Tuesday 18 May 2010

Cabbages are not always good for you

In an outrageous double-cross, Mum and Dad slip away out of the front door, bags packed, headed for a long weekend in Ireland, leaving us in the tender charge of the Angel B and Uncle Jim. They are off to help out at a family "do" at the Silverwoods, with eldest girl Em-J taking her RC Confirmation (which they all do, aged 12). This event is a big rite of passage although not quite as bizarre as the First Holy Communion which has all the school girls aged about 7 in the town, on the same day, dressed in bride's dresses (and all the boys in little groom-suits) and all the parents done up to the nines, trying to out-do the other families with the money spent on clothes, limo's to the church, restaurant dining etc.

In this one, at least, the girls, now 12, mostly wear nice smart new dresses (some still go mad on blancmange dresses in bright pink or cerise, in the "debs" stylee), hair done specially, maybe new shoes etc, and there are also far fewer of the girls, with maybe only three schools getting "done" at once (The one Mum and Dad go to had 30 girls and 50 boys). The families adjourn back to their houses for a bit of a party, with all the frineds, rels and neighbours dropping in.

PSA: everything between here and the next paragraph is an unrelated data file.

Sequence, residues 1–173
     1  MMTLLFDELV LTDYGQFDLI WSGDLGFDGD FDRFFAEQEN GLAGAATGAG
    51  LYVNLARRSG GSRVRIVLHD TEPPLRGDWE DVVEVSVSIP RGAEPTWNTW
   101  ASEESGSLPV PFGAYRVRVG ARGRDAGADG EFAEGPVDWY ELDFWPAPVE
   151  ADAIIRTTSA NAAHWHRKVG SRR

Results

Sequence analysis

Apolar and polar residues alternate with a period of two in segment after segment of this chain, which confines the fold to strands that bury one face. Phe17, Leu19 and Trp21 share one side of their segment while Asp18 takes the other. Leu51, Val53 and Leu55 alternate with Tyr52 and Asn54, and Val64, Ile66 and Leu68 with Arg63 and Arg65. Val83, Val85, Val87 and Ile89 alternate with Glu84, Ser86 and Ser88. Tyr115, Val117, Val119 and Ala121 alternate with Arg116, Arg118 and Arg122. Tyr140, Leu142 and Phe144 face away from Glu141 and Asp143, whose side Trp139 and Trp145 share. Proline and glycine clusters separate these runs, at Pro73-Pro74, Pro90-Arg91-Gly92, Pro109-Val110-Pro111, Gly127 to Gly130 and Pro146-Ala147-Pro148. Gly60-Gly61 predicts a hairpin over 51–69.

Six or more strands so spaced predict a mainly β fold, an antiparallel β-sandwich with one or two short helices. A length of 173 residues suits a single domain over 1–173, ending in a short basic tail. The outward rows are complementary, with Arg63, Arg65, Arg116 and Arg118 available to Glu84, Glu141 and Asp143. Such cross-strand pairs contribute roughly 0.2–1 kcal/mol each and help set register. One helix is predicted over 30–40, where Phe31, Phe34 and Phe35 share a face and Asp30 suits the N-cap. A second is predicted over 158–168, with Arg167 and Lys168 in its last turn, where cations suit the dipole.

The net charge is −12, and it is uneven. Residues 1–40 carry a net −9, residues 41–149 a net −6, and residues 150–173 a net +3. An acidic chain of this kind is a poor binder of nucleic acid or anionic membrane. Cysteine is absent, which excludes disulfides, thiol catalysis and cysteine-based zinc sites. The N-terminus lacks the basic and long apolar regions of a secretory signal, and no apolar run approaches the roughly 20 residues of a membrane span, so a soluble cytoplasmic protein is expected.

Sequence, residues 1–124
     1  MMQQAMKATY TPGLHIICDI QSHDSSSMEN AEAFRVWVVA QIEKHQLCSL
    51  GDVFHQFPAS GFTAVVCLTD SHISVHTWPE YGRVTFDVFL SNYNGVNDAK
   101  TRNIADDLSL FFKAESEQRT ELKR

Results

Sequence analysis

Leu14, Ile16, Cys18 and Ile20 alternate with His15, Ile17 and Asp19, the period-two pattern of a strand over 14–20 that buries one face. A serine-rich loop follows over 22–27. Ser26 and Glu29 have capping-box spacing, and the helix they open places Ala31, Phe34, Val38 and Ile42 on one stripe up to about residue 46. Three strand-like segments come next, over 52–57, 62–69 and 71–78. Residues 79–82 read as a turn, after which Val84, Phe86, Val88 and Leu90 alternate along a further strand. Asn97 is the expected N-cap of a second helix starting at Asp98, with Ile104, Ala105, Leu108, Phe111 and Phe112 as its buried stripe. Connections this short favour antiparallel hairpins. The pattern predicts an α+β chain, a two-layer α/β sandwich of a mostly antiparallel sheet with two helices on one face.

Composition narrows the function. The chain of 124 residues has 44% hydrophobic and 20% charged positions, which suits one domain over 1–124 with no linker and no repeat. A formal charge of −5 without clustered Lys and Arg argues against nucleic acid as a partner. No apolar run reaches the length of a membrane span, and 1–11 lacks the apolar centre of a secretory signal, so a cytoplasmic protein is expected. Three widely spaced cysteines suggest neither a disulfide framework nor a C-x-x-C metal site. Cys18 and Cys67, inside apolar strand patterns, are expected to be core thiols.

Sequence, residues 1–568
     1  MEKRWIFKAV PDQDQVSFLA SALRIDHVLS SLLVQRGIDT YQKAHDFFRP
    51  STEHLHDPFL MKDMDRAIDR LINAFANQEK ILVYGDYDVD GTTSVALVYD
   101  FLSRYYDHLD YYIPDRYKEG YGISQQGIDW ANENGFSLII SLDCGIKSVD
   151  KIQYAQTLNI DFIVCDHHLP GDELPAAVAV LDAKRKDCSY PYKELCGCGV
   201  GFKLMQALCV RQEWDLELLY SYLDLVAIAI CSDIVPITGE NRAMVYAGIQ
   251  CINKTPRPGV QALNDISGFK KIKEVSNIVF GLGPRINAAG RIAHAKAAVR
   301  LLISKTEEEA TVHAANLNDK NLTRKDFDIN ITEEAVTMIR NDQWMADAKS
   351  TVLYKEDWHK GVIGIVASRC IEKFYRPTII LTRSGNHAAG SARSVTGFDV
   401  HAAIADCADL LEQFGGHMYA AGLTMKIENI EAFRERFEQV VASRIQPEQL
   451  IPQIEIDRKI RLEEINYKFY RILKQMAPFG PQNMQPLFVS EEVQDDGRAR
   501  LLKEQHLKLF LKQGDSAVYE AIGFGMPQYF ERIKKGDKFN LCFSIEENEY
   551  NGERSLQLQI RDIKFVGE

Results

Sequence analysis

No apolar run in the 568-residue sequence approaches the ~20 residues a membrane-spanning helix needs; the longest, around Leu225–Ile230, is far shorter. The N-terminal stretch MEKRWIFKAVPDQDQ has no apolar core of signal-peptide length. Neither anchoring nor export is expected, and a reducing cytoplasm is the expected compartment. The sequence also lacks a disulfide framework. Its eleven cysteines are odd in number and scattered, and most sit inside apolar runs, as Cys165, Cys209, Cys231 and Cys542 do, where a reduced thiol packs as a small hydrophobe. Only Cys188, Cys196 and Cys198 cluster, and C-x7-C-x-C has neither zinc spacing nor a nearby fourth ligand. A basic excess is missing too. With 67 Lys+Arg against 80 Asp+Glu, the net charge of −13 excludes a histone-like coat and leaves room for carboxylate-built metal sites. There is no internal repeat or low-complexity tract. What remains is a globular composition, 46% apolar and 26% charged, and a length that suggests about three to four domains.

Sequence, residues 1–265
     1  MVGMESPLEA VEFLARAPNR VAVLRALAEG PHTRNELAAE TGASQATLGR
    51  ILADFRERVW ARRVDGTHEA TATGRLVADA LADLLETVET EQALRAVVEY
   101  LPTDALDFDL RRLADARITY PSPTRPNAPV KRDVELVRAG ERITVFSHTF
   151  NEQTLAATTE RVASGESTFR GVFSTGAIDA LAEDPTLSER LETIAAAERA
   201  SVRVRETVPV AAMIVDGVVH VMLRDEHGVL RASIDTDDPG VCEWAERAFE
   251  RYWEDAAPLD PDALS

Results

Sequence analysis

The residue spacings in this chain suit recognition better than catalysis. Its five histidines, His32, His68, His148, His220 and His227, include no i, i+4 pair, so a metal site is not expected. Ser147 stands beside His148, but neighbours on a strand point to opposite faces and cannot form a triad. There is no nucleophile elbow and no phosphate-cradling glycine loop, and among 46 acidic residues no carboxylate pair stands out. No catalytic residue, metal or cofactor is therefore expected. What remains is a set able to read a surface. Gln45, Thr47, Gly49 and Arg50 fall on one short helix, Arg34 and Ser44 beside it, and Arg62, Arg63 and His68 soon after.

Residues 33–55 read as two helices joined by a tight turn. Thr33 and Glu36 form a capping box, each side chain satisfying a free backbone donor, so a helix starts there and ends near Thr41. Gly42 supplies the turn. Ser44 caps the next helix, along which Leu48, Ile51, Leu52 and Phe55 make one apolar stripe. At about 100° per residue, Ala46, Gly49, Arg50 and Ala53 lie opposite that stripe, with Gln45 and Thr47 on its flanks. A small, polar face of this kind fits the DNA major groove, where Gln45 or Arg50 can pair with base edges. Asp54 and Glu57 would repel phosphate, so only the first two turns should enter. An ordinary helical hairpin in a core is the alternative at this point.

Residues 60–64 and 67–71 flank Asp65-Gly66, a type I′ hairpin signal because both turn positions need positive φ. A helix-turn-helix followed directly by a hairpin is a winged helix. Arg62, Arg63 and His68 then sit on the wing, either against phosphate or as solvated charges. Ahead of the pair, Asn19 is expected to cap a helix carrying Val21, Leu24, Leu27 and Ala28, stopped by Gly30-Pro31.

That's where Mum and Dad came in. Mum was "the catering" so spent 3 days solid buying ingredients and then cooking party food. When she went off shopping with Mrs Silverwood, Dad was babysitter for toddlers M (4) and R (2). Some nice bio-hazard nappies from R, he reports. When Mum was cooking, Dad says he was serial washer-up and spent 3 days at the sink. We suspect this may be a slight exaggeration.

Toddler M is funny at present, as he has that not-quite-correct and expanding vocabulary. It turns out his sweet-tooth and tooth-enamel quality are not a good combination, and the dentist was aghast at his latest visit, at the state of his teeth. Full of cavities, apparently, so he is now on a strict low-sweetie intake regime with special meds to cure abscesses, multiple tooth brushing and mouth-washing etc, to give his baby teeth a chance to see out their natural before being replaced, we hope, by some nice strong pearly-white adult gnashers.

M, though, having not met the word "cavities" mis-heard it as Cabbages and is now convinced he has cabbages in his mouth which need brushing and which hurt more if he eats or drinks sweet stuff. Needless to say, amused grown up like to wind him up in his innocence, by not correcting him. There are, therefore, frequent conversations around "No, you can't have orange juice - it's bad for your cabbages" or "Have milk, instead, it's better for your cabbages"

More on this soon

No comments: